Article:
The new way shows that all three could be close to being the first by using hydrogen sulfide.
Metabolism. In a cellular context, it means the chemical reactions that happen in cells that help keep it alive. These reactions are fairly complex, and for a long time we thought that they could only happen inside cells, which kind of leads to a chicken or the egg kind of paradox. Now, scientists have found that it is relatively simple to have metabolic reactions happen outside of cells.
RNA is used to make proteins. And you need these proteins to do things with RNA. But these experiments show that you don’t need RNA to get the metabolic reactions happening. They could have happened in the Earth’s early oceans.
By starting with what we think the Earth’s early oceans would have, along with the starting chemicals for metabolic reactions, then heating it to 50° to 70° C for 5 hours, they were able to produce 29 different metabolic reactions. These included glycolysis and the pentose phosphate pathway, which are needed for production of ATP.
This helps scientists understand abiogenesis, how life first started. It takes out the requirement for a cell to form with all of the necessary chemistry along with it out of whole cloth. The chemistry is capable of working before the first cell formed. The part we don’t understand yet is where the starting chemicals came from. We don’t know how they could have formed yet. But we’re getting closer.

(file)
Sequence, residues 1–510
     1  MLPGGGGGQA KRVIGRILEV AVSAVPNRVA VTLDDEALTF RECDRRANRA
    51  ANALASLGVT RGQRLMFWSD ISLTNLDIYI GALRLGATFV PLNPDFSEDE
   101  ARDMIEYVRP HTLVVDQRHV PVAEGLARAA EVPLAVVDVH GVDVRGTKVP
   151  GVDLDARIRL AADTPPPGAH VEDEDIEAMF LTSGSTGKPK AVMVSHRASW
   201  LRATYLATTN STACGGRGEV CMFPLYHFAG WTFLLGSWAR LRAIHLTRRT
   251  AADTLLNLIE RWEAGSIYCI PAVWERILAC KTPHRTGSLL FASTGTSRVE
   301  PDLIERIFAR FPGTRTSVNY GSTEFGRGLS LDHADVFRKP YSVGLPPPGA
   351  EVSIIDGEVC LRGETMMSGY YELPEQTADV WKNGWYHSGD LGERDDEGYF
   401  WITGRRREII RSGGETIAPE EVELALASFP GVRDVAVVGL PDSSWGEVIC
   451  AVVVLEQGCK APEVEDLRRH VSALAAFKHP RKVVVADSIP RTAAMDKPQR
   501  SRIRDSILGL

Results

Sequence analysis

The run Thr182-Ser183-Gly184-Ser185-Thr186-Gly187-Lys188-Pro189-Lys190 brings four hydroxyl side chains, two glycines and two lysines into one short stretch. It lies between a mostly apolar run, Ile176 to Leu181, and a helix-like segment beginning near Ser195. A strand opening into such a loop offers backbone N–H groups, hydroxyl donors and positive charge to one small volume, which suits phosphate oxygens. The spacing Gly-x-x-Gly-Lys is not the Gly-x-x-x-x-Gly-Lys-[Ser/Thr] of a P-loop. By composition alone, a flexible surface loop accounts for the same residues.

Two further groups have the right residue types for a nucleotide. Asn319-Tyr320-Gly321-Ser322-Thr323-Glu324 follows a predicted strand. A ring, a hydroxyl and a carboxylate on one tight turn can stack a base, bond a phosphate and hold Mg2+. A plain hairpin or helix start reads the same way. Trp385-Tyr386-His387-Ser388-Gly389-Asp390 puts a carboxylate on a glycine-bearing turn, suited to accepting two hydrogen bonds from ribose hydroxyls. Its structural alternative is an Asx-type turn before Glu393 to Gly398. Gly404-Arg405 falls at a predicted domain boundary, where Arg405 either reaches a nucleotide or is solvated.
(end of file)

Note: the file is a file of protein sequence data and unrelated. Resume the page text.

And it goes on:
When did life start? Here on Earth, about a billion years after the Earth formed. But that’s here on Earth. What about out in the universe somewhere? Well, Abraham Loeb has an interesting take on it. Right now, the Cosmic Microwave Background (CMB) is about 2.7 Kelvin. That’s 2.7 degrees above absolute zero. But it wasn’t always there. The CMB is leftover radiation from the Big Bang. As the universe expands, the energy gets spread out and the tempeature decreases, and now it’s just 2.7 Kelvin.
But, at some point in the past, it had to be around room temperature. Somewhere above the freezing point of water. That means that a rocky planet out in space, far from a star, would still be warm enough to support life.
These conditions existed when the universe was 15 million years old. That’s about 13 billion years ago.
OK. We don’t know that there was life then. But we know that the conditions could have been right for it.